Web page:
Range Rover Sport SUV
Price £61,950 - £95,150
- Good grip in corners
- Luxurious interior
- Comfortable ride
- Expensive to run
- Uncertain reliability
- Less boot space than the old model
At a glance
"The Range Rover Sport is comfortable, luxurious and great to drive, but running costs are high."
The Range Rover Sport is the second largest car to wear a Land Rover badge. It's an aggressive-looking SUV that rivals the Porsche Cayenne, Mercedes GLE and Audi Q7. The Sport is only beaten in size by its well-known relative, the Range Rover, which places luxury and off-road performance higher than anything else.
This version of the Range Rover Sport is certainly more capable off-road than its predecessor, but thanks to aluminium being used extensively in the SUV's construction, it's markedly lighter too. That means the Range Rover Sport has sharper handling and improved straight-line performance. The cheapest Range Rover Sport costs around £60,000 – or roughly £15,000 less than the equivalent full-size Range Rover.
The Sport is better to drive than all of its rivals, bar the Porsche Cayenne. What it might lack in outright handling ability, it more thank makes for with impeccable comfort and ride quality. The interior is trimmed with high-quality materials, while the fit and finish of the dashboard and controls is excellent.
You can pick from a choice of two powerful and efficient diesel engines, an expensive yet economical diesel-electric hybrid or a 5.0-litre supercharged V8 petrol for those who don’t pay much attention to fuel costs. All are equipped with an eight-speed automatic gearbox and four-wheel-drive.
The Range Rover Sport is as well-equipped as any car costing more than £60,000 should be, so all models feature 20-inch alloy wheels, heated front and rear seats, satellite navigation, DAB radio and a reversing camera. There are four trim levels: HSE, HSE Dynamic, Autobiography Dynamic and SVR. Certain engines are limited to certain trims, like the diesel-electric hybrid model only being available in Autobiography Dynamic trim, for example.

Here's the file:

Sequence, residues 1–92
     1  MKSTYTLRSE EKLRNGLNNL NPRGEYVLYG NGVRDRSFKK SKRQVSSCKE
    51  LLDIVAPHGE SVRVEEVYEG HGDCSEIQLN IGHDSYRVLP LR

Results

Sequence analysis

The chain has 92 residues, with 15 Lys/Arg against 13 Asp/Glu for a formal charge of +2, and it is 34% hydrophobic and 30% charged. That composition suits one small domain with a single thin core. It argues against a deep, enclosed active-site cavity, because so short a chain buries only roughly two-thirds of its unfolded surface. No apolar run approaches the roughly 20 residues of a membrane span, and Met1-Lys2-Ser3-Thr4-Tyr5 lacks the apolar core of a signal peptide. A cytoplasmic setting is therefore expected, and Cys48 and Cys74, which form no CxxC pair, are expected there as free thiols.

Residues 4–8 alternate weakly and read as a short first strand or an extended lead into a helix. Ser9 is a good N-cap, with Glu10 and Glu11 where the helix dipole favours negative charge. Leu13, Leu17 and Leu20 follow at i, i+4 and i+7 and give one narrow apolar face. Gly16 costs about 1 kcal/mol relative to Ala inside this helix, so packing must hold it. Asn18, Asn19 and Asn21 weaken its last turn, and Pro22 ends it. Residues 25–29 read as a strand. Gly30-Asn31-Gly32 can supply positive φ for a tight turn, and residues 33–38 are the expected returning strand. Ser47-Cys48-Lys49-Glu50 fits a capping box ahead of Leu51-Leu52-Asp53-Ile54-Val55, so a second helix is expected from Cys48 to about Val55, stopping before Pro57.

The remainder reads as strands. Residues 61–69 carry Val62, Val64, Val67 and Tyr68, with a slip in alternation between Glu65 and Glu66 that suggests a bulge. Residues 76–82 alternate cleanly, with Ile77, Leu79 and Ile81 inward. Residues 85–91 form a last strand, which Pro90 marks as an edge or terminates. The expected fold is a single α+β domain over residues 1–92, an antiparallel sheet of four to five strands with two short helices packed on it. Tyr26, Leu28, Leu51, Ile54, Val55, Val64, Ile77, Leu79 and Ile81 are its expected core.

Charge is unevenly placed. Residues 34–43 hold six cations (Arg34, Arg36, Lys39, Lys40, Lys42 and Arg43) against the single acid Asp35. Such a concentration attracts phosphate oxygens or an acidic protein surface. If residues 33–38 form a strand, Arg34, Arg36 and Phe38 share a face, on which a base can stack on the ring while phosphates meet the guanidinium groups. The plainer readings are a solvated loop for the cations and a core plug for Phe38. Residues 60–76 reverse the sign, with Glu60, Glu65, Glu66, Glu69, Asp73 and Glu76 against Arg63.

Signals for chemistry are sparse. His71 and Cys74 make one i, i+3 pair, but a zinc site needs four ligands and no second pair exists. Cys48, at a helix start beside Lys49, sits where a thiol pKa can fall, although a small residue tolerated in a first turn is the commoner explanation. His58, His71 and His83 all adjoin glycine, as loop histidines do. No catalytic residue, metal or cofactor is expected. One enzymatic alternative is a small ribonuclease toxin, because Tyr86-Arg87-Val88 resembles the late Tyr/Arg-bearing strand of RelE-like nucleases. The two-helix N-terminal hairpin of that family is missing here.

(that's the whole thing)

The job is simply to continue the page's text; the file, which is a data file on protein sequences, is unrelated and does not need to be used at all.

Incredibly, the 2.3-tonne SVR can sprint from 0-62mph in 4.7 seconds, but it manages just 22.1mpg. This compares with our pick of the range, the 306bhp 3.0-litre V6 diesel, which manages a much more respectable 40.4mpg yet can still accelerate from 0-62mph in 6.8 seconds – fast enough to embarrass a hot hatchback.
It might be smaller than the Range Rover, but the Sport still has loads of room inside and a usefully large boot. Every version has parking aids to make manoeuvres that little bit easier. The Range Rover achieved five stars in its Euro NCAP crash tests, but the Sport hasn’t yet been tested. However, its bulk and range of safety equipment bodes well for passenger safety. Historically, Range Rover reliability has been only average but the fact that the Sport is an all-new design and its fit and finish are impressive should provide some reassurance.
Fuel and tax bills will be high for all versions of the Range Rover Sport
The Range Rover Sport is fast and handles well, but it’s still a big, heavy 4x4
The Ranger Rover Sport has a firmer ride than the conventional Range Rover, but it’s still very comfortable
The Range Rover Sport SUV’s boot is big and the rear seats are fairly spacious
Land Rover's reputation for reliability isn't great, but the Range Rover Sport is expected to do better than previous models